Battleships Musashi (foreground) and Yamato (background) at Truk, Caroline Islands, May 1943

Caption   Battleships Musashi (foreground) and Yamato (background) at Truk, Caroline Islands, May 1943 ww2dbase
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Added By C. Peter Chen
Added Date 7 Sep 2006

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Visitor Submitted Comments

1. Anonymous says:
22 Sep 2014 07:46:59 PM

Takeo Kanda, my grandfather, took this photo. So strange. http://www.yamato-museum.com/concept/note/2009/07/vol10.html
2. Commenter identity confirmed Bill says:
13 Jun 2016 07:42:53 PM

TURK HEADQUARTERS OF THE JAPANESE NAVY: In Turk Lagoon as many as fifty (50) to sixty (60) warships and merchant ships were at anchor. It also had airstrips, warehouses, support buildings, troop barracks, for the thousands of troops and other facilities. The Japanese based over 300 combat aircraft Both the Musashi and Yamato were based there. Yamamoto Chief of the Combined Fleet had his headquarters aboard Yamato. Later the flagship of the fleet, was transferred from Yamato to Musashi.
3. Commenter identity confirmed Bill says:
19 Jun 2016 02:05:12 PM

CAPITAL SHIPS OF THE IMPERIAL NAVY: Both the Musashi and Yamato were Japan's largest Capital ships. The main armament and secondary armament was impressive, but what about the crew. Both ships were manned by the skilled seamen of the Imperial Navy. ODDS & ENDS: However, later during the war, as crew losses mounted the navy was sending right out of rushed training schools too many sailors with lack of training and too many new inexperienced and unskilled hands. Many having been drafted into the navy. Training was stepped up as fast as possible. The older experienced Commissioned and Petty Officers had their hands full. SHIPS COMPANY: TOO MANY NEW HANDS Both the Musashi and Yamato carried about the same number of crewmembers the Yamato was designed for 2,000, with added anti-aircraft guns and other equipment and personnel to man and operate brought the ships company to 3,332 as big as Yamato, there wasn't enough room them. ONBOARD CHOW: Food aboard the ships was good, some would say the best in the navy. The galley was staffed with almost one hundred cooks and stewards, the menu was different each day, to give the crew a balanced diet. Food served were fish, beef, vegetables and large issues of rice. The Officers ate separate from the men and also had their pick of food. Both crew and Officers had an issue of beer and rice wine. DUTIES ABOARD SHIP: The day started aboard ship at 0700 the crew had a full day of work aboard with training and maintenance. At 0800 to noon and lunch for one-hour with three more hours of gun drills, work and other chores. Clean up followed by dinner and personal time. Crewmembers assigned watch, radio room and guard took their posts being relieved during the watch cycle while others were assigned to other duties. I thank the editor/ww2db for his continued support...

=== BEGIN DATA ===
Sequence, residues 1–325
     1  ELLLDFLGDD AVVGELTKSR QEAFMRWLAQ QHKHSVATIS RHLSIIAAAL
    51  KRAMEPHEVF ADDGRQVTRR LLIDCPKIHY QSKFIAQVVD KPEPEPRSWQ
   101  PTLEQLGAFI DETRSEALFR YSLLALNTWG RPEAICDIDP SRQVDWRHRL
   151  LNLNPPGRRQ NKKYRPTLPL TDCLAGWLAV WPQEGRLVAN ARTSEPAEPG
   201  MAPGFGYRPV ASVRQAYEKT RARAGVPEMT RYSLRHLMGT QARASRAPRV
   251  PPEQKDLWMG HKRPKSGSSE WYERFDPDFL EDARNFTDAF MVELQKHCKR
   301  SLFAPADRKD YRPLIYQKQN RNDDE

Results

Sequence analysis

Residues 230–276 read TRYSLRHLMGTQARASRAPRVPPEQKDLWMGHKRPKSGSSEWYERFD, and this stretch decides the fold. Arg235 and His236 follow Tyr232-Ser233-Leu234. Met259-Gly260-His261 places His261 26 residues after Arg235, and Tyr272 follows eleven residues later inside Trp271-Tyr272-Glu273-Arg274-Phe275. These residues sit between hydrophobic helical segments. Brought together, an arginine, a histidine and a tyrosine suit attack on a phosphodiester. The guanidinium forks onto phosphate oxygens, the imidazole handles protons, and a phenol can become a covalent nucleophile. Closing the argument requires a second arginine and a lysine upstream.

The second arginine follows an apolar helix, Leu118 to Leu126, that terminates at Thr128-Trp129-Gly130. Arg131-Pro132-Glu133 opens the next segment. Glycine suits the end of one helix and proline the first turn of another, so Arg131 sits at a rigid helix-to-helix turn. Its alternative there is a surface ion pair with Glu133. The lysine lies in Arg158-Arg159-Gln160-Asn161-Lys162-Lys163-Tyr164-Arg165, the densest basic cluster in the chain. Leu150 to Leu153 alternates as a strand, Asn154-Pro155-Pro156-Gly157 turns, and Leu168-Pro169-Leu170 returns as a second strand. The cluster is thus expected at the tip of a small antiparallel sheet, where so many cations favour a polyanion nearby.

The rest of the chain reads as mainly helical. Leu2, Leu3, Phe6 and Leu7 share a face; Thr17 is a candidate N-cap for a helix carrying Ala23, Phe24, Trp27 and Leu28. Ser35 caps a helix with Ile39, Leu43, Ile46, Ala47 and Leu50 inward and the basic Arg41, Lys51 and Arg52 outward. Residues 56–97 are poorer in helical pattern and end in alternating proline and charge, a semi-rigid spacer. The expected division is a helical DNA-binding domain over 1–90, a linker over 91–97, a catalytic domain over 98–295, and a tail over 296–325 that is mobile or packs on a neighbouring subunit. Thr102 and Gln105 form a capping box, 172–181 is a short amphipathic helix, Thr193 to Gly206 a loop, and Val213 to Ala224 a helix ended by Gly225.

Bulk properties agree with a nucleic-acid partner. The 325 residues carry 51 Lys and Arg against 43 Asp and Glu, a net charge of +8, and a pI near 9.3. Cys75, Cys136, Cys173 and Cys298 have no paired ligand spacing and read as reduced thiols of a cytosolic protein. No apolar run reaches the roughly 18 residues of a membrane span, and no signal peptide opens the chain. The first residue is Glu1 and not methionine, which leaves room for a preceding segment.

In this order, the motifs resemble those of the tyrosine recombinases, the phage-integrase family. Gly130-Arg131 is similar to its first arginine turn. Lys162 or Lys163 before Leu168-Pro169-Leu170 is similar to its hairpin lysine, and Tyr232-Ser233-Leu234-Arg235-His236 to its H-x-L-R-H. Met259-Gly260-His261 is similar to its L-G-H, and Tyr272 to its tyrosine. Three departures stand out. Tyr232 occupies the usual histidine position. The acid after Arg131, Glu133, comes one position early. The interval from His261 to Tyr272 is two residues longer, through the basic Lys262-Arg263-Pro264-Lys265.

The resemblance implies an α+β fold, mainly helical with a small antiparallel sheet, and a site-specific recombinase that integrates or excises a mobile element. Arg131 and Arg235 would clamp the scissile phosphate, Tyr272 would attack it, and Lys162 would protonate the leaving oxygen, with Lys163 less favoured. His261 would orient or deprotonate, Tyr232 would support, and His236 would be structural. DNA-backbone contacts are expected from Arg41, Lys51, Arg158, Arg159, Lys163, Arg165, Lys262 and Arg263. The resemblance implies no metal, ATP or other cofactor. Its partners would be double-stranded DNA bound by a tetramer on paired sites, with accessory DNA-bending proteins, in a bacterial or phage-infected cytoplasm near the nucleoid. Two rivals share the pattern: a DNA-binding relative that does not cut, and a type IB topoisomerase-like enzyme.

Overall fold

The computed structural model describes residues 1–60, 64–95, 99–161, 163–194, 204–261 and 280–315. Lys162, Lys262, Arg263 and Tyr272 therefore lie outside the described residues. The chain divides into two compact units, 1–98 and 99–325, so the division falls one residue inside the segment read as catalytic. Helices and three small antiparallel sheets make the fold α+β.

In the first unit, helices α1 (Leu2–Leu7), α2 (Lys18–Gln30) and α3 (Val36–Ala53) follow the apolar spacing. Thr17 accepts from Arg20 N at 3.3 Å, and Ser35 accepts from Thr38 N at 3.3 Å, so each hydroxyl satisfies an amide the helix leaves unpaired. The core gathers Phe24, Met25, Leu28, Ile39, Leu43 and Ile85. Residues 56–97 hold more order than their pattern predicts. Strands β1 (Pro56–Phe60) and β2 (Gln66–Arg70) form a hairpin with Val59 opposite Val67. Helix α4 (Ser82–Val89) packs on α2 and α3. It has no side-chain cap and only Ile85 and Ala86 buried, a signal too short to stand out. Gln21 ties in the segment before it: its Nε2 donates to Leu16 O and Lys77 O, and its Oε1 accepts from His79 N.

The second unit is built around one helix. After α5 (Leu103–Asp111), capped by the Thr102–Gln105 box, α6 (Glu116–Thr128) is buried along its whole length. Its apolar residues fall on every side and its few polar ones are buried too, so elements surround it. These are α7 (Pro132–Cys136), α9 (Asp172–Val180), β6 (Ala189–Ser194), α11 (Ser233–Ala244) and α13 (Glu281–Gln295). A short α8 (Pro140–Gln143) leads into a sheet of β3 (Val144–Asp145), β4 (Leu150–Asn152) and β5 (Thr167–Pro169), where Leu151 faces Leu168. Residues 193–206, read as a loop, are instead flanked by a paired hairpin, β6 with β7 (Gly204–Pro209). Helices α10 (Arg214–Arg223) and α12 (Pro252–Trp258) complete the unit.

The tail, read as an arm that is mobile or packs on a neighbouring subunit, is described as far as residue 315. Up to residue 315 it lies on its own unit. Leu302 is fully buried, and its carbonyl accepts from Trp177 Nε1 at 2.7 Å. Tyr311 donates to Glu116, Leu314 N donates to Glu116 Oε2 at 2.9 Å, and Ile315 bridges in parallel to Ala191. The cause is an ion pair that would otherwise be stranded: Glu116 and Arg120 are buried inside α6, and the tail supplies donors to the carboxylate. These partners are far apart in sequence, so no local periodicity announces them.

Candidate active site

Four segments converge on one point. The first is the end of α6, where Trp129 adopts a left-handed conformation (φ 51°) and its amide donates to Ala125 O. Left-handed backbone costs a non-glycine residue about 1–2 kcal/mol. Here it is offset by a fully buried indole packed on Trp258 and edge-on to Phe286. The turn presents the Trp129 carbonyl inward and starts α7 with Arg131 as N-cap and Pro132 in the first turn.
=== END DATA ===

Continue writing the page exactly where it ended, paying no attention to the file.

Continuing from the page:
4. Commenter identity confirmed Bill says:
19 Jun 2016 06:17:36 PM

HOTEL YAMATO: The Yamato was stationed at Turk from August 1942 to May 1943 she took no part in the Solomon's campaign, shortages of ammunition and fuel all played into Adm. Yamamoto's reluctance to commit her to battle. SCUTTLEBUTT: OUT OF HARM'S WAY Going here, going there, but going nowhere she departs Turk for Japan, goes into dry dock for inspections and repair. Used as a transport for troops and material assigned to Turk, she also under took sorties with other cruisers and destroyers but failed to make contact, sorties to Singapore and other Japanese controlled islands. If anyone has more info post it here I'd like to read it. I'm not an expert on WWII, only my personal knowledge from reading different books

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